WHAT CAN YOU EXPECT when the U.S. Department of Housing and Urban Development is your landlord?
No locks on front and back exterior apartment house doors.
Vacant apartments used by loiterers and drinkers.
Air conditioners that haven't worked for up to five years.
Blocks and blocks of window-shattered vacant buildings that have been vacant so long that vines are growing inside on the top floors.
A shopping center that looks like it has been bombed. Only two small stores are there but the people need them and are fighting -- and losing -- in their bid to keep them open.
A beautiful swimming pool that is the only recreation for kids in the area. It is permanently shut.
Piles and piles of garbage on your project's perimeter.
This is what you can expect if you live in the 396-unit Congress Park apartments in far Southeast Washington. The 22-year-old complex that contains town houses, apartments and a shopping center currently is home for many moderate-income families.
HUD became their landlord in a foreclosure action and started trying to sell Congress Park in late 1976, striking fear in the hearts of the tenants as to what might happen to the project. This was about the time far Southeast was enjoying a revival in single-family home ownership after almost 30 years as a dumping ground for apartments built for low- and moderate-income families by both the government and private developers.
A sale finally was arranged to a three-member group made up of the National Housing Partnership, Anacostia Economic Development Corp. and the NAACP Housing Corp. But an unfunny thing happened on the way to the bank. The prospective purchasers fell victim to the economy. Financing to build or renovate rental housing came to a standstill, and government-guaranteed financing dried up.
If the group eventually was financing, it still has plans to rehabilitate many of the apartments in the project and has prepared an elaborate plan to relocate the tenants while the construction is proceding. But Congress Park in the meantime has grown increasingly unhabitable.
The tenants are caught in the middle. They are trapped between the intricate red tape and their lack of education, between the good intentions of the new partnership and their suspicisions that if the homes are rehabilitated they will be priced out; between broke promises and weariness in fighting the promisers.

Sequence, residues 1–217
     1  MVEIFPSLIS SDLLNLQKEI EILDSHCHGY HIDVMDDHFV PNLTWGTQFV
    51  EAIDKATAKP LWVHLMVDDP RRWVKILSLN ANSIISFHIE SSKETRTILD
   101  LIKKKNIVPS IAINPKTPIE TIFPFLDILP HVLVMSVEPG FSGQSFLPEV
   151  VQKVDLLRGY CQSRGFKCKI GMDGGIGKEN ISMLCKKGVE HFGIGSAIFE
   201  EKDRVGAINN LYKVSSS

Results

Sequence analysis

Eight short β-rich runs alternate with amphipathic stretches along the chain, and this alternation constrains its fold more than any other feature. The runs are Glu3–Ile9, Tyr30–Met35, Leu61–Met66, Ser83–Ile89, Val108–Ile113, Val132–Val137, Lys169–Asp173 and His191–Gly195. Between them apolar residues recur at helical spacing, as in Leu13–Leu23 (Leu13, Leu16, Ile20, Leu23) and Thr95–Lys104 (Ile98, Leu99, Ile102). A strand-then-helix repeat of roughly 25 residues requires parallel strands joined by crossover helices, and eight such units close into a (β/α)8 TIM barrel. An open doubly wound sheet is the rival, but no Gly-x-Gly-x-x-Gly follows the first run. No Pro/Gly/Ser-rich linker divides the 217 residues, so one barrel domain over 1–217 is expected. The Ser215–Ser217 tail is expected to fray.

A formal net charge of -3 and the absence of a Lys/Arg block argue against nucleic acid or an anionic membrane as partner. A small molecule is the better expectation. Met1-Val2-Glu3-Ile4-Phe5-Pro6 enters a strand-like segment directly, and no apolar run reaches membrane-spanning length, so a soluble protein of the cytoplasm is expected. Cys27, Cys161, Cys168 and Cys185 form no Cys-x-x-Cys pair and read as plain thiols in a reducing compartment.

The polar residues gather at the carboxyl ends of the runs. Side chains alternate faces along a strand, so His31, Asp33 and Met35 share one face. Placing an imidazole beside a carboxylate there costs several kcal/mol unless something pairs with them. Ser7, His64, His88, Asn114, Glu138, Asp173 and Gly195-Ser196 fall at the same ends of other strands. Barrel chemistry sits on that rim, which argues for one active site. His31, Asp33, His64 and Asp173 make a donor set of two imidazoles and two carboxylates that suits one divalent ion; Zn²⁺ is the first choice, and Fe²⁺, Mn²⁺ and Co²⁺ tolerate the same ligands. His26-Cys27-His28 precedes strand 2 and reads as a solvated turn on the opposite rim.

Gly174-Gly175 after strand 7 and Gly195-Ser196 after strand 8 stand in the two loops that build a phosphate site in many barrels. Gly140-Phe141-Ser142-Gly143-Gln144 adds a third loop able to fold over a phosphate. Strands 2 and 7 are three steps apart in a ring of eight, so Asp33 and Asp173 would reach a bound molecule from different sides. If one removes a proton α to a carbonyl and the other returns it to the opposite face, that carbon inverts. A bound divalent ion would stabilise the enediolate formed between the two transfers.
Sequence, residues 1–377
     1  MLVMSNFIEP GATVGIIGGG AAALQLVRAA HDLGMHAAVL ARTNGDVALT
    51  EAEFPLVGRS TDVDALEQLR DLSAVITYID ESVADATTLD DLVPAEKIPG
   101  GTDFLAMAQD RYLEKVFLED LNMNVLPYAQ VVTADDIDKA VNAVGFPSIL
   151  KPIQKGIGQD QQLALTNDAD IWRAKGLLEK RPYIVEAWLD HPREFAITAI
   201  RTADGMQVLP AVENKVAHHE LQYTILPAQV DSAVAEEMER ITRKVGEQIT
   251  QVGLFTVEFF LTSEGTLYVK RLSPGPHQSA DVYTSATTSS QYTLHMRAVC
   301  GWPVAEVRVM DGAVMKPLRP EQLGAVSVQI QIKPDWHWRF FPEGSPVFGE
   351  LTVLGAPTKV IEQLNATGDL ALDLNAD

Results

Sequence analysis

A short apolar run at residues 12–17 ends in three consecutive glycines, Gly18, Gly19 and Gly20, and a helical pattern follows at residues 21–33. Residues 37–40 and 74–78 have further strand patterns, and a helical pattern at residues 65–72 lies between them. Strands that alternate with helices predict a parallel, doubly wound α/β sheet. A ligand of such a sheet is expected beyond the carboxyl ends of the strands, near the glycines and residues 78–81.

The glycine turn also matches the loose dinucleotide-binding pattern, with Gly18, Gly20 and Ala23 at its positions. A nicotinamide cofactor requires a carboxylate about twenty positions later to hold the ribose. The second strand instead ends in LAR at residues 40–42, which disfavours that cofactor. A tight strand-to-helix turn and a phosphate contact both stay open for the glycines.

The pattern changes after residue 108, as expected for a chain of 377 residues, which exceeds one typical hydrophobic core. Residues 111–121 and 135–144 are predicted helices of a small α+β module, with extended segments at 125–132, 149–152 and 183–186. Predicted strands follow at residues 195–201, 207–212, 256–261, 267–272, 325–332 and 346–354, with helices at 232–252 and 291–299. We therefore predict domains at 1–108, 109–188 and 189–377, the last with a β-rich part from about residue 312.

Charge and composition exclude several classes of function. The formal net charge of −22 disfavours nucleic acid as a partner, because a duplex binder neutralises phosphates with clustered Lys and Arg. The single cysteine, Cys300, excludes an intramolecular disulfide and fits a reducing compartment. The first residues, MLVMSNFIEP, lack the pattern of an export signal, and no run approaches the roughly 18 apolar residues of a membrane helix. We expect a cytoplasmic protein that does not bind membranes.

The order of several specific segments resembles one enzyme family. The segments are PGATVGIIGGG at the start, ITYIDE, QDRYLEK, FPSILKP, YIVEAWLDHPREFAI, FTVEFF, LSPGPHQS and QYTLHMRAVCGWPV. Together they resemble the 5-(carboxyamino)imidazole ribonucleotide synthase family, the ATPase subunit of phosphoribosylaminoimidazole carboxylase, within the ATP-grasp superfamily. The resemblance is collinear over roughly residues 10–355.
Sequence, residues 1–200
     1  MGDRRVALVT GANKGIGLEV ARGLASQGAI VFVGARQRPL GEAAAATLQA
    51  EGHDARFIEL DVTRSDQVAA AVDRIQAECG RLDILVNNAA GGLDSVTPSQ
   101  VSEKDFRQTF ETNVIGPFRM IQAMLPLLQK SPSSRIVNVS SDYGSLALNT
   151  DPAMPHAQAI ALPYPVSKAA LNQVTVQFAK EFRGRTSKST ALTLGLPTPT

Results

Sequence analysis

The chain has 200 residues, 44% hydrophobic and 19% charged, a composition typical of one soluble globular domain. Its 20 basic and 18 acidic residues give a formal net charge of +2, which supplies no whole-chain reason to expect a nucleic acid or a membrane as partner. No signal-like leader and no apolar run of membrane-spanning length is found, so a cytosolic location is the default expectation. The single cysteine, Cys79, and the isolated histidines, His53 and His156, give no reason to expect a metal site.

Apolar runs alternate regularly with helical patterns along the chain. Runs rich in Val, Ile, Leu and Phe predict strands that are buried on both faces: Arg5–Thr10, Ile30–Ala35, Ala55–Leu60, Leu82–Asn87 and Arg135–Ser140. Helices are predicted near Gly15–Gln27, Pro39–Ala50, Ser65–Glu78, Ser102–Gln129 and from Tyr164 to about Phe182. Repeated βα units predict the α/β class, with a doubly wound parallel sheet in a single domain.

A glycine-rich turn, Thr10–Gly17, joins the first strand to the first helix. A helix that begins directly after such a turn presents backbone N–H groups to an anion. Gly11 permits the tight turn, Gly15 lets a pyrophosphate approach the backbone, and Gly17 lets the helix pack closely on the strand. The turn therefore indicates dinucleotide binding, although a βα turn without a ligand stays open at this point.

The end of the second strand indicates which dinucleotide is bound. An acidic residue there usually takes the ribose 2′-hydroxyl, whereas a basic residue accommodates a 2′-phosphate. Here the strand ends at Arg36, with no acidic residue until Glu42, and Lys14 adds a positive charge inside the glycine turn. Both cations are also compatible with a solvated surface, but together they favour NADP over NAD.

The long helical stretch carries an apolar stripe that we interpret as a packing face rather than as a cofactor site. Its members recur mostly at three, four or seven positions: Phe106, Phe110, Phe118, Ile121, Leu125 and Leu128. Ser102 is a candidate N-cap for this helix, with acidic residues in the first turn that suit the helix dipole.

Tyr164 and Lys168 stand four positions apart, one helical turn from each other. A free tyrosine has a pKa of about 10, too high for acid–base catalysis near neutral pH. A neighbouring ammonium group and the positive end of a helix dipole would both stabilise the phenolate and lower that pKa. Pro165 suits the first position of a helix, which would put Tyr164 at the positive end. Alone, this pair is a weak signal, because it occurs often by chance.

The partnership plans to renovate the project and charge most renters only 25 percent of their income, but because of the long history of broken promises of affordable housing, there is a widespread fear that renovation means removal.
The final decision on the sale has been put off at least until this fall, when government-guaranteed financing at 7 1/2 percent may be available again. HUD has announced recent cutbacks and it is unclear what effect, if any, this will have on Congress Park or any other Washington area projects.
Meanwhile, the tenants, who have been dangling nervously on the string for four years, are still having their emotions jerked around while they suffer from a real lack of security for their lives and property.
Gloria Dugar and her family have a comfortable four-bedroom apartment at a rent of $198 a month. "That's why you would hate to lose it," she said last week. "You can't beat it. I don't mind if the rent goes up. Where can you get that much space?"
Leaving Dugar's apartment on a recent tour of the complex located between Alabama Avenue, Mississippi Avenue and Wheeler Road SE, I saw that the erosion of Dugar's front yard had made the sidewalk a mini-mudslide. I saw firsthand the doors without locks -- some opening onto a major artery, Alabama Avenue; I saw the blocks of abandoned, boarded-up buildings without windows; I talked to the owner of one of the two business in the near-abandoned shopping center.
For several months, the members of the Congress Park Civic Association tried to get a respresentative of HUD to take that tour. Finally, on May 7, HUD's S. Daniel Raley came out to talk about the tenant's concerns over such health and safety considerations as security, air condititioning and sanitation. Some of those who attended the meeting said Raley told them that budget-pinched HUD found it more cost effective to pay the cost of vandalism than to provide security, that HUD was obliged to protect the physical property, not the tenants, notwithstanding increased crime; that swimming pool repair cost too much and that the stores were being closed because of the loiterers.
"I was appalled," said Rich Fowler of the Southeast Vicariate Cluster, "at the coldness and callousness of Mr. Raley's responses."
HUD agreed to replace the locks and investigate the problems. But when I toured earlier this week, nothing had changed. In other words, even though the sale of the property is uncertain, HUD is doing little to maintain or repair what is already there.
Raley as out of town when I called to see what he had been able to do to respond to the people's hopes for a better life through such basic requests as locks on the doors, open stores and a pool to cool off their kids during the summer.
Is it asking too much for government not to be a slumlord?